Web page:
~Mountain Roots Orchard available plants and trees~
Annual & Perennial Plants
Each June, we grow a small selection of annual garden starts such as, Cucumbers, Peppers, and Tomatoes. For perennial plants, we grow and select varieties that are native or have acclimated to Idaho’s climate and will thrive in zones 3-5. This can include plants such as Red Osier Dogwood, Serviceberry, Mountain Ash, Syringa, Lilac, Woods Rose, and edible perennials like Asparagus, Blueberries, Raspberries, Rhubarb, and Strawberries. There is also a selection of herbs and flowers chosen for their usefulness to providing habitat for pollinators and beneficial insects.
The list of trees below is a variety we’ve selected from St Lawrence Nurseries, as well as, some we have propagated from our orchard and local area. They will all do well in our climate. Each tree will range from 3-5′. These are potted plants in 3 gal. or 5 gal. grow bags which you can care for in a protected location until you are ready to plant. We recommend planting in the fall or spring. More information about St. Lawrence Nursery can be found thru the following link.
Now Available for 2023
Please, contact us if you have any questions 208-628-3017
St. Lawrence Sourced Trees
Black Oxford: Great for eating, cooking, cider and drying! Very hard when picked;
the fruit will be at its best after a few months in storage. Tends toward
biennial bearing. Ripens in Oct-Nov. Hardy to -50 or colder
Canada Baldwin: The flesh is white, tinged with red/pink. This apple is juicy, excellent
for fresh eating, and for cider. Bears annually; heavy cropper. Not related to Baldwin. Ripens Sept-Oct. Hardy to -50
Cortland: The white flesh is slow to discolor on exposure to air. A good all around apple, favored for cooking and cider. Annual bearer. Ripens Sept-Oct. Hardy to -40
Duchess: Originated in Russia in the early 18th century. It was introduced to the USA in the early 19th century, and quickly became popular in the northern states on account of its excellent winter hardiness. It is the reigning queen of early pie apples.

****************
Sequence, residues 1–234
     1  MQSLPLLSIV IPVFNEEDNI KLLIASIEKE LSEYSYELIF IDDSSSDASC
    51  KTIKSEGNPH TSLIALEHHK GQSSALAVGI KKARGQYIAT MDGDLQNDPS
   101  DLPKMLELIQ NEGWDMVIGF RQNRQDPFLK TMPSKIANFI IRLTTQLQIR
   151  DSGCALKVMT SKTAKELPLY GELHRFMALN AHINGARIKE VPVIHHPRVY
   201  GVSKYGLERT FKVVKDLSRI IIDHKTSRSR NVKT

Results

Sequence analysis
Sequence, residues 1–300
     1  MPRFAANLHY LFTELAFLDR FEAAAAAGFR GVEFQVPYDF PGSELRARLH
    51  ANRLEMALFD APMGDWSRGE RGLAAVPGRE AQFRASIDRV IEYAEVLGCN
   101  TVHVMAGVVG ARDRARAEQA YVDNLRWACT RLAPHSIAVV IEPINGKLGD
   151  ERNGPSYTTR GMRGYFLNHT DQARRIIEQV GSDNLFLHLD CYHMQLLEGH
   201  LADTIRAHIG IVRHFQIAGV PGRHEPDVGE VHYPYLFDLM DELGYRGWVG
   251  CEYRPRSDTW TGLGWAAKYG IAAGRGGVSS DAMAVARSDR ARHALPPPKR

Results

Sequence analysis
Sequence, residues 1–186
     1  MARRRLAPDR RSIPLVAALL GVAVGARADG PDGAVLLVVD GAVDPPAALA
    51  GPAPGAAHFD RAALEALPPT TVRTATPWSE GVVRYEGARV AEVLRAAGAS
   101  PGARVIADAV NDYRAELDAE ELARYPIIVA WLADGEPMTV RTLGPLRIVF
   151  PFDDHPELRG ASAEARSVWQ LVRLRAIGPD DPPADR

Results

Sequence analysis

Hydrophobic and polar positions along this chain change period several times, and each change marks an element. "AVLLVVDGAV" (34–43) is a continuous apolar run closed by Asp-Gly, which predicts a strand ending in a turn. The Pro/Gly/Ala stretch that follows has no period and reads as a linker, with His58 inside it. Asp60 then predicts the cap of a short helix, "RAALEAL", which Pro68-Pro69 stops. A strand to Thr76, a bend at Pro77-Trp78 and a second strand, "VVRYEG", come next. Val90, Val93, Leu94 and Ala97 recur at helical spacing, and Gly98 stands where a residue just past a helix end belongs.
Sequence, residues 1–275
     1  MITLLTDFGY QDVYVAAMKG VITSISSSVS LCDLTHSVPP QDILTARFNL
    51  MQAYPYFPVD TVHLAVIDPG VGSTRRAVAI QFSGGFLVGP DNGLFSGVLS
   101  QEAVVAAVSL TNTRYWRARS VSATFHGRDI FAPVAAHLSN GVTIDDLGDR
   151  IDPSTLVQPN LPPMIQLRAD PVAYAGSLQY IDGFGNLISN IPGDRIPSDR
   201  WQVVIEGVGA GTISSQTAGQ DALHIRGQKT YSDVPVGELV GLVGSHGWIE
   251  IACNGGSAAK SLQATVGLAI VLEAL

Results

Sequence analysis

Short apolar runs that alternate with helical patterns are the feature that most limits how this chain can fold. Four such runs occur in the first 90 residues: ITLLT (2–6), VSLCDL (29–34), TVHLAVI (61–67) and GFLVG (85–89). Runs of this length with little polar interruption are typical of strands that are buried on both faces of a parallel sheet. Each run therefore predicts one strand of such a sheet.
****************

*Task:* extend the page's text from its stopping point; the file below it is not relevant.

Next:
Dudley: A big and attractive yellow woth red stripes apple, ripening mid-season. Makes great sauce and baked apple. Hardy to -50
Milwaukee: Excellent keeper. Flavorful and slightly tart. Good for cooking and
cider, & sauce. Bears annually and produces at a young age. Ripens Oct-Nov. Hardy to -50 or colder
Original McIntosh: Grafted in direct line from the original McIntosh tree growing just
over the river from St. Lawrence Nurseries in Dundas county, Ontario
by John McIntosh in 1796. Large fruit, good for eating and juicing, sells well at markets. Ripens Sept-Oct. Hardy to -50
Pharaoh: A large, tasty all purpose apple found locally. Unknown parentage,
but likely old varieties. Productive, good for baking, cider, & eating. Ripens Sep-Oct. Hardy to -50
Prairie Magic: This apple is extremely sweet and can be eaten off the tree before it is fully ripe and still be sweet. In northern climates, the apple is ready as early as late August and can be harvested through mid September. It is a cross between Goodland & Mantet and is quite cold hardy; having been cultivated in Manitoba, Canada.
Prairie Spy: This apple came on the scene in the early 1940s. It offers red-over-green apples that ripen in late October. It’s large, firm apples have a tangy taste that’s great for fresh eating and baking. Flavor only improves once in storage and can keep for up to 3 months.
Regent: A good eating apple with a great quality that does not diminish in storage. Fruit hangs well, rarely dropping before harvest. Ripens Late Oct.-Nov. Hardy -40 to -50
St.Edmund’s Russet: Earliest russet. Very juicy and flavorful; makes excellent cider. Listed